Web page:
Big ships entering and leaving the notorious bar on Manukau Harbour on Auckland's west coast will be restricted to sailing one hour before high tide.

The restriction is likely to be posted in the next two days to avoid the potential catastrophe that could have struck a 4500-tonne freighter that hit the bar as it left the harbour on Saturday.

The Spirit of Enterprise lost its rudder when it was hit by a rogue 3m wave, which lifted the bow and caused the stern to hit the bar, the ship's owners, Pacifica Shipping, said.

The rogue wave theory surprised Auckland harbour master Captain James McPetrie who said the 3m swell running at the harbour entrance was not unusual.

He said he would "find it difficult to sustain" calling it a rogue wave.

"I was surprised to hear that," Cpt McPetrie said today.

Port authorities and the Maritime Safety Authority had discussed the restriction, which would apply as soon as it was posted, probably today or tomorrow, he said.

"We are about to issue an instruction to all masters of certain vessels that they are only to cross the bar from a time from one hour before high water to high water."

The restriction would apply to all ships with a draught (distance from the keel to the waterline) 6m or over.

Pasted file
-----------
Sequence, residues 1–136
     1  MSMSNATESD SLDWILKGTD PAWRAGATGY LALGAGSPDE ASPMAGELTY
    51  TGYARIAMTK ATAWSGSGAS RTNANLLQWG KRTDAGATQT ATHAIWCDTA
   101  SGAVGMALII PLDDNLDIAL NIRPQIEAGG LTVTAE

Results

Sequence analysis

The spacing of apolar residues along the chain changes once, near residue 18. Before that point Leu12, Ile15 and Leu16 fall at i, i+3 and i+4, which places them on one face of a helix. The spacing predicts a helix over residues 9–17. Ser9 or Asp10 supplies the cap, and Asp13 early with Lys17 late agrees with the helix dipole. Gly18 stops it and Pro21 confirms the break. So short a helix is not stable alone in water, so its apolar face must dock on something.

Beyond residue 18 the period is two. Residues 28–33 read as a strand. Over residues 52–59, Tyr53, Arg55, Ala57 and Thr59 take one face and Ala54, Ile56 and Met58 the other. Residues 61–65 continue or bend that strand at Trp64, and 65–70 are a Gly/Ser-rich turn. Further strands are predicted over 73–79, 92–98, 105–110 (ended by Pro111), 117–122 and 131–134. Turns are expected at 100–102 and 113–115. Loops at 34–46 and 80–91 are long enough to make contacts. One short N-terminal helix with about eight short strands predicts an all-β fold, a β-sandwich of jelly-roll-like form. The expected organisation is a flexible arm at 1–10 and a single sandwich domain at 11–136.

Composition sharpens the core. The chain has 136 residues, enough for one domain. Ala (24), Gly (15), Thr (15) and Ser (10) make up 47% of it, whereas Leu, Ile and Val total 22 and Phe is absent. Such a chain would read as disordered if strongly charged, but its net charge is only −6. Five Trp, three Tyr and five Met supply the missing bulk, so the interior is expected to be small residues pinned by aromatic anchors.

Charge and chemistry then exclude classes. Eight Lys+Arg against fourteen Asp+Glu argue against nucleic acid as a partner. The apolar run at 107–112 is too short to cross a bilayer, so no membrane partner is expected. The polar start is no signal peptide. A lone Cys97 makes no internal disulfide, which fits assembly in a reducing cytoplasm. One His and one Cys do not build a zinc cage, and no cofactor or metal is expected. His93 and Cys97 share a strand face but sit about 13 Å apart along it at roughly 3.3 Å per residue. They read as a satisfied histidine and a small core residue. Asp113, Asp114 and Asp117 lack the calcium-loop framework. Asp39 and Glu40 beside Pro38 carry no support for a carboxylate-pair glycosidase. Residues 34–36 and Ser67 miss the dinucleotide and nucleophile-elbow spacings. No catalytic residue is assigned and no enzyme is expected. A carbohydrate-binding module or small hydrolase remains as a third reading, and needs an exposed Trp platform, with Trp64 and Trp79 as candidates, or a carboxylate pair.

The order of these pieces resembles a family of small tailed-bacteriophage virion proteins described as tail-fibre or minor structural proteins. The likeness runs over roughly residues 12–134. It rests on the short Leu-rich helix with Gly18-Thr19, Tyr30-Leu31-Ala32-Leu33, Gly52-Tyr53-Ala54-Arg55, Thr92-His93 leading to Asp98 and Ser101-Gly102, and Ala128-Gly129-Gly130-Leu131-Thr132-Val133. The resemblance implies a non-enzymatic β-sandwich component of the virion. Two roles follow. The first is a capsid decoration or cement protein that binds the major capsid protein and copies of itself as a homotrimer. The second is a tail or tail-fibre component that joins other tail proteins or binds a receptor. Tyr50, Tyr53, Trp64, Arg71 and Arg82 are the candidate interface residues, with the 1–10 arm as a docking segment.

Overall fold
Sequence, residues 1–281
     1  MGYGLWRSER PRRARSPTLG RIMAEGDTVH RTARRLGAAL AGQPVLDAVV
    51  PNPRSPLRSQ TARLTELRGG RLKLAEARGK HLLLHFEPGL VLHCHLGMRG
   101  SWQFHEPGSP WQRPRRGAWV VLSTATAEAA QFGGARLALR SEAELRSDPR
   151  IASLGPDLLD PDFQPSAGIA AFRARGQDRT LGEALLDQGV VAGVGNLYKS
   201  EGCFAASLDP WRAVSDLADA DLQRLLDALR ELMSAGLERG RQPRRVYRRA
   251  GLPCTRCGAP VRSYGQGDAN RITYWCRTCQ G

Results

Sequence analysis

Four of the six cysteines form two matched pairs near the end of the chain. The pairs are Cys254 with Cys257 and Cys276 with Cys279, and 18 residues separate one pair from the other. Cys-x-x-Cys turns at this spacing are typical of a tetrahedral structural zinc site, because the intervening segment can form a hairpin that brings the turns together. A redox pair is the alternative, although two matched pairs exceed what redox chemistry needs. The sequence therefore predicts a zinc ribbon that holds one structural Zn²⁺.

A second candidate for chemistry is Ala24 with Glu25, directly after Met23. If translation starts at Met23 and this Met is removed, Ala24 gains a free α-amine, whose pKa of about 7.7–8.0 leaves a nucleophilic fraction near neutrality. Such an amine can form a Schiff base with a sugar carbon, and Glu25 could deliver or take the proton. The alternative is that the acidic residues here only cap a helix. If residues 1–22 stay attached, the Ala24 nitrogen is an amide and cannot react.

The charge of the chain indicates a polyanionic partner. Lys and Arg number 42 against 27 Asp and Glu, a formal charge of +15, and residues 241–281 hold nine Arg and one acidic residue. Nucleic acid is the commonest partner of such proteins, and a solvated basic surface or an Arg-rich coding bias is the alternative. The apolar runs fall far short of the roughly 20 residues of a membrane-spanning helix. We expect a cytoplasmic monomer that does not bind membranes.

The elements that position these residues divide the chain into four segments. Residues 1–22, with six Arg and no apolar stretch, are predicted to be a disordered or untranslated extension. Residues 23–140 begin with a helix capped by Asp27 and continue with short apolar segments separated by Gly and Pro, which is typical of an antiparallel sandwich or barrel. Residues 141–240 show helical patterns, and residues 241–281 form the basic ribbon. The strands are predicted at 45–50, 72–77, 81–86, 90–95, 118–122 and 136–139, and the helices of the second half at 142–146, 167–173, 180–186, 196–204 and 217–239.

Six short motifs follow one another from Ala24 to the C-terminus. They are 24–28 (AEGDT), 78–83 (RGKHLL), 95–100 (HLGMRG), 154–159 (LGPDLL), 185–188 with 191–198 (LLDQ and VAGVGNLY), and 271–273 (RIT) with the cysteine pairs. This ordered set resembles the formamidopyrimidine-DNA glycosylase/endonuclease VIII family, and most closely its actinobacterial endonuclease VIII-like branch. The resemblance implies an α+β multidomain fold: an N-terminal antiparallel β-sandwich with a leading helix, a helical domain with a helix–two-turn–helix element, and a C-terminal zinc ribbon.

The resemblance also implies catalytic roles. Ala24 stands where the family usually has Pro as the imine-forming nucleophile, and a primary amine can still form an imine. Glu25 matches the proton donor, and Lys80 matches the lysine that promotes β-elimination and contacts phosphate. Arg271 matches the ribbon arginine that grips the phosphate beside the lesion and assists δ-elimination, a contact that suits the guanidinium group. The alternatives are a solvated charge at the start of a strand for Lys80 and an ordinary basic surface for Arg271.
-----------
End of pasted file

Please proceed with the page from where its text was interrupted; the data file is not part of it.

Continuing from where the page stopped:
Until now ships' masters have been able to make their own decisions on when they would enter and leave port.

The Spirit of Enterprise, now being towed to Lyttelton for repairs, used its bow thruster (propeller) to steer the ship out to sea to await help.

It left Onehunga at 12.45pm on Saturday and would have arrived at the bar about an hour after high tide.

Cpt McPetrie said if a single-screwed ship lost its rudder crossing the bar it would be in serious trouble.

Twin-screwed ships can be steered in a clumsy but reasonably effective manner by varying the revolutions on each engine.

"The whole thing had the potential to turn into a catastrophe. Had she lost her main engines then it would have been an entirely different game," he said.

The bar was the site of the worst shipwreck in New Zealand's history on February 7, 1863, when the British warship HMS Orpheus foundered and 189 sailors and marines died.

Cpt McPetrie said it was a wild, inaccessible and inhospitable shoreline.

If the Spirit of Enterprise foundered, it would have been extremely difficult to recover the crew, the ship and deal with pollution caused by fuel oil and other contaminants on board.

The MSA was investigating the grounding and has said it would also look at other incidents involving the same ship, including another grounding in Manukau Harbour in July, 2001.